the kangaroo has the unique ability to suspend one of her two embryo ‘in situ’
While the other makes good his escape before deciding what he is to do,
to go outside and crawl up to the pouch, if i’m not mistaken?
or crawl back up inside and hope his room has not yet been taken.
While from egg to escaping the womb will take a little joey about a month or more
the young ‘roo will remain in mum’s pouch for another eight, by which time she’s sure to be sore.
Once her young joey has been thus evicted
mum’s familial duties are no less restricted
She will continue to raise him, teaching him how to fend
for himself until his sibling brings her patience to an end.
So with two uteri, a female kangaroo in her maternity
can seemingly be pregnant from here to eternity.
Genesis, the beginning
Beginning of self-impregnating
Reliance on moi
Moi and tu
Tu, no not you
Me and only me
Destruction of needing
Anyone will do?
No only you
Oops.. just kidding
I want to procreate
Like the dragon of komodo
Now, that’s self satisfying!
All through the night, in my dreams,
I hear you. I feel you.
deciding that you want to be born.
You will grow up someday.
I’ll push you out some way.
Now is time to break through my pores.
You’re here. My death I now fear.
I believe that you need a new mom.
Please stay. Your birth is my decay,
and I know that you need a new mom.
Keep moving on.
When the Giraffe gives birth the baby falls to the ground
But luckily the calves are not hurt they seem to rebound
Lucky female seahorses as the males are the ones who give birth
I wonder how that effects the dads and their much prized girth
A chipmunk can give birth every forty five days
That’s enough to make Alvin stop singing and go into a daze
Opossums are quick they only gestate for fourteen days
Pressure on the males as it’s an even quicker menstrual phase
Humans are so much slower yet no less Herculean
That all makes the our pregnancy rather antediluvian
Thank you so much for putting me through this misery! Tune in tomorrow around 10 a.m. MST for the announcement of next week’s contest.
P’Arc: D. Wallace Peach created this graphic that you can use (if you want) for a badge of honor as the winner:
Welcome to The Weekly Terrible Poetry Contest! This is our 34th time of offending the internet and I hope we continue to disappoint.
As those who’ve entered before know, writing terrible poetry is an art form. To truly offend one’s sensibilities; a bad poet needs to nearly fit a meter, almost follow a rhythmic pattern, or get so close to a beautiful description his audience starts picturing EXIT signs instead of snow falling gently in a springtime field. I explain the process a bit here.
Besides that, here are this week’s specifics:
You have till 8:00 a.m. MST next Friday (July 19) to submit a poem.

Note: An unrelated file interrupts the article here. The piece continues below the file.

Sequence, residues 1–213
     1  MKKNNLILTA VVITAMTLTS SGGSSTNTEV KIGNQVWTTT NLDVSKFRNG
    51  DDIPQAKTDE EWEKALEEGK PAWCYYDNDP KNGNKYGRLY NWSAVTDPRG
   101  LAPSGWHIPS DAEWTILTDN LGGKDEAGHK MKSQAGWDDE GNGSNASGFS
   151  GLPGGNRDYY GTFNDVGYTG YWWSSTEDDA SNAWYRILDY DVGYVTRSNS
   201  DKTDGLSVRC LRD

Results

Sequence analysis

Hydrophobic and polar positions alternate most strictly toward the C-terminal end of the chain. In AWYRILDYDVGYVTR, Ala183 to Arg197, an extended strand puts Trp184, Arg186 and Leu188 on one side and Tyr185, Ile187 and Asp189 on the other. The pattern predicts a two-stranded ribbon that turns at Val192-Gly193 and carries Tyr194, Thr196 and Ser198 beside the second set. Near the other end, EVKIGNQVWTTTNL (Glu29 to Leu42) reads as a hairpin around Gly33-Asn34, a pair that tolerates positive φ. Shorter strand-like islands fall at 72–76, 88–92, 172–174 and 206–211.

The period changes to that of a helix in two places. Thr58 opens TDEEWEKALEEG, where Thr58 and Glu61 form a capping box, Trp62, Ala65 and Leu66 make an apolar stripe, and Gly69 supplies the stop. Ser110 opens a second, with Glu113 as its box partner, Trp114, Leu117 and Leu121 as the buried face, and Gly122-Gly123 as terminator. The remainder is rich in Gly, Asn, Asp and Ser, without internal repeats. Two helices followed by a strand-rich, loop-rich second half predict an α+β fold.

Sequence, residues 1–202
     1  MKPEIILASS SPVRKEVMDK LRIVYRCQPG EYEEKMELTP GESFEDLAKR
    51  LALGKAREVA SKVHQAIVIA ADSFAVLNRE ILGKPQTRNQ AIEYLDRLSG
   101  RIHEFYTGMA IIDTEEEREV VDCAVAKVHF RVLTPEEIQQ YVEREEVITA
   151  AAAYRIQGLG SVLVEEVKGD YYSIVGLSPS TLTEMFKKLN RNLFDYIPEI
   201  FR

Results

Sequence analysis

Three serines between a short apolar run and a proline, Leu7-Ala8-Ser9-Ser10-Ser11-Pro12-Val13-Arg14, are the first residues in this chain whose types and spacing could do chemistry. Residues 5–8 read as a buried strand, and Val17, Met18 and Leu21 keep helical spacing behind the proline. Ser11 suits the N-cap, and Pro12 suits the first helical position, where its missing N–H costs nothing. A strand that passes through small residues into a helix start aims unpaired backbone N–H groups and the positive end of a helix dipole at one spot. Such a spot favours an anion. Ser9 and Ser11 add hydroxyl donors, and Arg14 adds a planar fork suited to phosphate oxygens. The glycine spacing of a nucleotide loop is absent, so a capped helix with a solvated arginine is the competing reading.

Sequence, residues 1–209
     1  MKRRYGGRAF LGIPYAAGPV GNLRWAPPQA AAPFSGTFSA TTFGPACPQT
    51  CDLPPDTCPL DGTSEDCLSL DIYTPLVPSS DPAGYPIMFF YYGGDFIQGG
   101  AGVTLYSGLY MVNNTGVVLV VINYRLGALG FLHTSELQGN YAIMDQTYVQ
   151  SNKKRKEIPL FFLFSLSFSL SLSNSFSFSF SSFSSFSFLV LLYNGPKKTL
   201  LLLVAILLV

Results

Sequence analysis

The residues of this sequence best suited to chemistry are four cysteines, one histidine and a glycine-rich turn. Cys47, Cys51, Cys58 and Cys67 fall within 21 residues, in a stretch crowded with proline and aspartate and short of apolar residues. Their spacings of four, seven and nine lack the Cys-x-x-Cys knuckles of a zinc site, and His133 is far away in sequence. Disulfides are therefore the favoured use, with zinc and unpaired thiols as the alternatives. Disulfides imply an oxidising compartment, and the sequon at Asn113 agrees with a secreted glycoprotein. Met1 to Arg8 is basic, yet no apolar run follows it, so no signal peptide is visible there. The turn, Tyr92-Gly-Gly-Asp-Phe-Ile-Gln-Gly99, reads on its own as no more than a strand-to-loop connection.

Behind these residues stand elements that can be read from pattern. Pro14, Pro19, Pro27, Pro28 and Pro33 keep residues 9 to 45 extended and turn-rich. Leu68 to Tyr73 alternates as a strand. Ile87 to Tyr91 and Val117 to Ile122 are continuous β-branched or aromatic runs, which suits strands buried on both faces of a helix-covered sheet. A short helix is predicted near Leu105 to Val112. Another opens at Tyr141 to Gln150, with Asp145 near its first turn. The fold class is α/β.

Use the form below if you want to be anonymous for a week.
Or, for a more social experience, include your poem or a link to it in the comments.
Joshua J. Cotten
Step right up, folks! Step right up!
Come feast your eyes on this marvelous tonic; right here, right now. What you may think is a simple bottle is actually the most secret of formulas from the Jungles of the East; from the hand of Marvelodijiling, the famed Healer and only man to live past 200 years of age without a health problem of any sort.
This is The Cure for Depression.
It is, indeed. You may shake your head at me, madame. You may wonder at the authenticity, young sir. I assure ALL that this product is exactly as it says. One simple dose each day will GUA-RAN-TEE to rid you of the woes of Depression.
…And if that sales pitch convinced you, then you and I need to have a long talk.
Actually, we can have a really short talk: Depression doesn’t work like that. For one, it isn’t “cured.” It is, however, a condition that CAN be managed once you learn the skills. This depends on the severity of symptoms and genetics and a whole crapload of stuff that would best be handled by a professional.
I am not a professional; at least, not that kind. I am merely a fellow sufferer with access to Google. I have, therefore, come up with a list:
3. Swallow that pill, if necessary.
4. Get up, then move.
5. Get outside.
6. Eat something healthy.
7. Do something that brings you real joy.
8. If it doesn’t fit in with #7, do something for someone.
10. Sleep, at sleeping times. Wake at morning times.
11. Follow a routine.
12. Meditate, pray, journal, etc.
13. Don’t get sloppy and don’t skip what works.
14. Never give up. (Never surrender.)
Whenever you’re in your cave, I’d like you to pull out this list. Grab one; do it. Maybe steal another after an hour of trying the first one.
Furthermore, I’m gonna help a brother/sister/broster/sisther out by writing individual articles about each of these ideas. It’ll be a tetradecalogy. Stick around; eat some chocolate.
Come for the treats, stay for the community, and live life for the future you.
Originally posted at The Bipolar Writer Mental Health Blog on May 28, 2018. I intend to publish one of these articles each week.
*Chelsea Owens is not a licensed anything, except a Class D driver in her home state, and shares all information and advice from personal experience and research.
“We but mirror the world. All the tendencies present in the outer world are to be found in the world of our body. If we could change ourselves, the tendencies in the world would also change. As a man changes his own nature, so does the attitude of the world change towards him. This is the divine mystery supreme. A wonderful thing it is and the source of our happiness. We need not wait to see what others do.”
Swiped from Damon Ashworth Psychology: “25 Ideas That Could Change Your Life“
Tickling captors’ curious palms:
Stealthy treads the tree
Amidst dappling shadow steps
Life inches onward